Linus Torvalds Calls Google Nexus One a Winner
Linus Torvalds, the man who created the Linux operating system on which Android is based, said he likes using the Google Nexus One smartphone for its Google Maps Navigation turn-by-turn GPS software. Torvalds said he "generally hates phones because they are irritating and disturb you as you work or read or whatever," but is intrigued by Linux-based phones. The Google navigation Torvalds enjoys is the Google Maps Navigation turn-by-turn GPS feature so many users have found useful since it launched on the Motorola Droid in November.The Google Nexus One smartphone, based on Google's Android operating system, is getting fans in high-profile tech places even as it battles a reputation for poor 3G service. Linus Torvalds, the man who created the Linux operating system on which Android is based, purchased a Nexus One and spoke favorably about it in a blog post Feb. 6.
Google launched the Nexus One from its Webstore Jan. 5, offering it for $529 unlocked or $179 with a two-year contract from T-Mobile. When users have 3G service, they generally report great things about the Nexus One, based on the latest Android 2.1 OS and which runs a 1GHz Snapdragon processor from Qualcomm.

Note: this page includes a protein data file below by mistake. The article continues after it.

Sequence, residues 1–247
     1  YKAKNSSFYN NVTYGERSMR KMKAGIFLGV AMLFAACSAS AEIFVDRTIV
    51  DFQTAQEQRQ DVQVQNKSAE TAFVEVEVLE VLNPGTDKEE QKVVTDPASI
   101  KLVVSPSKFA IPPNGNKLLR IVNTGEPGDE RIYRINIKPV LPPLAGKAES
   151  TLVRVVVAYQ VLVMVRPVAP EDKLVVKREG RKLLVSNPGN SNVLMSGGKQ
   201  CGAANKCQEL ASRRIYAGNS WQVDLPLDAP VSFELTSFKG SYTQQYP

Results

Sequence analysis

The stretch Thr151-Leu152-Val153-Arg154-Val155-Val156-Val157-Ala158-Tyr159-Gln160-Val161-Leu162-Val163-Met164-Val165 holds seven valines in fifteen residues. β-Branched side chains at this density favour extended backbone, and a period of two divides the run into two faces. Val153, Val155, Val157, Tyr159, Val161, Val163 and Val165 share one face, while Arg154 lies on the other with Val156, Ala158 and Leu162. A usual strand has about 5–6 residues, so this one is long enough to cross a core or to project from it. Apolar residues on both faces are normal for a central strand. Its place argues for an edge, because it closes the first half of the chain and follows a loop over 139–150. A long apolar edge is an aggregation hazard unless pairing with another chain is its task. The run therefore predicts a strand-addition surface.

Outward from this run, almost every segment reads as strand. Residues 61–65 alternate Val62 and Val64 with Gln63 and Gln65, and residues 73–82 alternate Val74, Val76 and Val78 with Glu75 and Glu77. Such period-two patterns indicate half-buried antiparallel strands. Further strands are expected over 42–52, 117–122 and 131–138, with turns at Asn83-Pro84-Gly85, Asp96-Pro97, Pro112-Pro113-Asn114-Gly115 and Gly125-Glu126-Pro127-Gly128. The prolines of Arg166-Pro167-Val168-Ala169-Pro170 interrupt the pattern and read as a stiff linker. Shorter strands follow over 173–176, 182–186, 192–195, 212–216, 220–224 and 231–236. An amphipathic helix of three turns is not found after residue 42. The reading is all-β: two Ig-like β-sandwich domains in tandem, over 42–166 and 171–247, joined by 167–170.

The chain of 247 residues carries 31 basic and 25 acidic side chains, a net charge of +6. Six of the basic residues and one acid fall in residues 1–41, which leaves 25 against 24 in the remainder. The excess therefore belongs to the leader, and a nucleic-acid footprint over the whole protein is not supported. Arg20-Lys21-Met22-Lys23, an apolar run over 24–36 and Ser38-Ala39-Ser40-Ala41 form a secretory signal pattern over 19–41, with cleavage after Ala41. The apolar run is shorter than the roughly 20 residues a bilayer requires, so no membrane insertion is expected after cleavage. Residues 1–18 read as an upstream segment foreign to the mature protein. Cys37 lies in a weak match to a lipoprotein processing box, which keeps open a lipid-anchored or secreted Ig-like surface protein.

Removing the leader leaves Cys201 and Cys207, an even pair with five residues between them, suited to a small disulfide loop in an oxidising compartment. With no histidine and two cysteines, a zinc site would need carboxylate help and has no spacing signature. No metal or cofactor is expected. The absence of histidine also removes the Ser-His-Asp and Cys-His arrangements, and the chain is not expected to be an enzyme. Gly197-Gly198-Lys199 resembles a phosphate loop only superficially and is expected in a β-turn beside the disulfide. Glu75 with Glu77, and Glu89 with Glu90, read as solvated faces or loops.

"I have to admit, the Nexus One is a winner. I wasn't enthusiastic about buying a phone on the Internet sight unseen, but the day it was reported that it finally had the pinch-to-zoom thing enabled, I decided to take the plunge. I've wanted to have a GPS unit for my car anyway, and I thought that Google navigation might finally make a phone useful. "And it does. What a difference! I no longer feel like I'm dragging a phone with me 'just in case' I would need to get in touch with somebody-now I'm having a useful (and admittedly pretty good-looking) gadget instead ..."The Google navigation Torvalds enjoys is the Google Maps Navigation turn-by-turn GPS feature so many users have found useful since it launched on the Motorola Droid in November. That's the type of perk Google hopes will help differentiate Android from Apple's iPhone and other platforms. Nokia later countered with it own free GPS tool. Torvalds said he received the original G1 Android phone when Google and T-Mobile launched it in 2008 but used it mostly for playing games such as Galaga and Solitaire on long flights. Torvalds isn't the only high-tech luminary to become enamored of the device. Publisher Tim O'Reilly, whose Web 2.0 Summit is the hottest high-tech show that isn't the Consumer Electronics Show, enjoys many of the features. But the Nexus One has its issues, particularly with regard to spotty or absent 3G service. Some of this is attributed to T-Mobile, whose wireless network ranks fourth in the United States behind Verizon Wireless, AT&T and Sprint, and some of this is due to a software flaw Google moved to fix Feb. 2. Mobile device expert Kevin Tofel, who blogged about a possible 3G remedy Jan. 19, said Feb. 6 that he is still having major 3G service issues.